three millions a year, and at the same time oblige them to hazard
their lives in fighting for the defence of your trade, to the defence
of which all ought indeed to contribute (and sailors among the rest)
in proportion to their profits by it: but this three millions is more
than their share, if they did not pay with their persons; but

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Text Comparison with The Autobiography of Benjamin Franklin

Page 13
Three or four letters of a side had passed, when my father happened to find my papers and read them.
Page 15
He instantly agreed to it, and I presently found that I could save half what he paid me.
Page 21
In this manner we lay all night, with very little rest; but, the wind abating the next day, we made a shift to reach Amboy before night, having been thirty hours on the water, without victuals, or any drink but a bottle of filthy rum, and the water we sail'd on being salt.
Page 24
"Here," says he, "is one place that entertains strangers, but it is not a reputable house; if thee wilt walk with me, I'll show thee a better.
Page 25
" He ask'd me a few questions, put a composing stick in my hand to see how I work'd, and then said he would employ me soon, though he had just then nothing for me to do; and, taking old Bradford, whom he had never seen before, to be one of the town's people that had a good will for him, enter'd into a conversation on his present undertaking and projects; while Bradford, not discovering that he was the other printer's father, on Keimer's saying he expected soon to get the greatest part of the business into his own hands, drew him on by artful questions, and starting little doubts, to explain all his views, what interests he reli'd on, and in what manner he intended to proceed.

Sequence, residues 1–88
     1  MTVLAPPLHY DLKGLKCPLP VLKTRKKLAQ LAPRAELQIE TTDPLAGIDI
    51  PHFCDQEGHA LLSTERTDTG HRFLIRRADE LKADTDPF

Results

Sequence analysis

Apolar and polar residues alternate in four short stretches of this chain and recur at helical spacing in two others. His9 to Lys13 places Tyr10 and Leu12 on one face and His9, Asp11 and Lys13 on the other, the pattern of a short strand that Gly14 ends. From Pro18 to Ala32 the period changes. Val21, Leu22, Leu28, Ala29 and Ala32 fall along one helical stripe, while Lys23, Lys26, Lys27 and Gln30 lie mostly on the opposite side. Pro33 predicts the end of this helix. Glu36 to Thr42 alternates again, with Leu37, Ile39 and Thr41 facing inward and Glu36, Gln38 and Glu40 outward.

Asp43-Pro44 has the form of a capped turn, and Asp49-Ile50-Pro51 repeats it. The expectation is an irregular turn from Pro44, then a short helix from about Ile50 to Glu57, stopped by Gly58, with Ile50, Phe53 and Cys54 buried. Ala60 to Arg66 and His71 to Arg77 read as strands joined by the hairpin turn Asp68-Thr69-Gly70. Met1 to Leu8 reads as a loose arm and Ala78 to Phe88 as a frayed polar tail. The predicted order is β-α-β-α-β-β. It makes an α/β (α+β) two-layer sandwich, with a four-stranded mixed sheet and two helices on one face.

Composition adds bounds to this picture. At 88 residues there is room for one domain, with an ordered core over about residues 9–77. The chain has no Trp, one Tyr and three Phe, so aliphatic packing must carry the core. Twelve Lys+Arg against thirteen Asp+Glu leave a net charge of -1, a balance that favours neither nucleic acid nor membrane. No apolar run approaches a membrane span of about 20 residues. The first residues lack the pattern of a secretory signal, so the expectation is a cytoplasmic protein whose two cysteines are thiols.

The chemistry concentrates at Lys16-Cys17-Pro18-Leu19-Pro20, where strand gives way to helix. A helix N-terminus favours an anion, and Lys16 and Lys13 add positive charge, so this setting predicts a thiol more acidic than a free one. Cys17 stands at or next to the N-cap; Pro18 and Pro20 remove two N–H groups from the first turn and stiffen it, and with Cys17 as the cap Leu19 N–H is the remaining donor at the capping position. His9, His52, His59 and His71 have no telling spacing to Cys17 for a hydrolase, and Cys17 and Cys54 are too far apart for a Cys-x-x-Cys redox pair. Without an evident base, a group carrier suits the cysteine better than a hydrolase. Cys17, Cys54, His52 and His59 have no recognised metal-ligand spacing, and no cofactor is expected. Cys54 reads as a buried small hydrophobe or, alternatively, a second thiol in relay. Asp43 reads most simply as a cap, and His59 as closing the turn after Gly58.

Page 28
Then I took an opportunity of letting them see my watch; and, lastly (my brother still grum and sullen), I gave them a piece of eight to drink, and took my leave.
Page 46
He at length proposed to me travelling all over Europe together, supporting ourselves everywhere by working at our business.
Page 52
I objected my want of money.
Page 57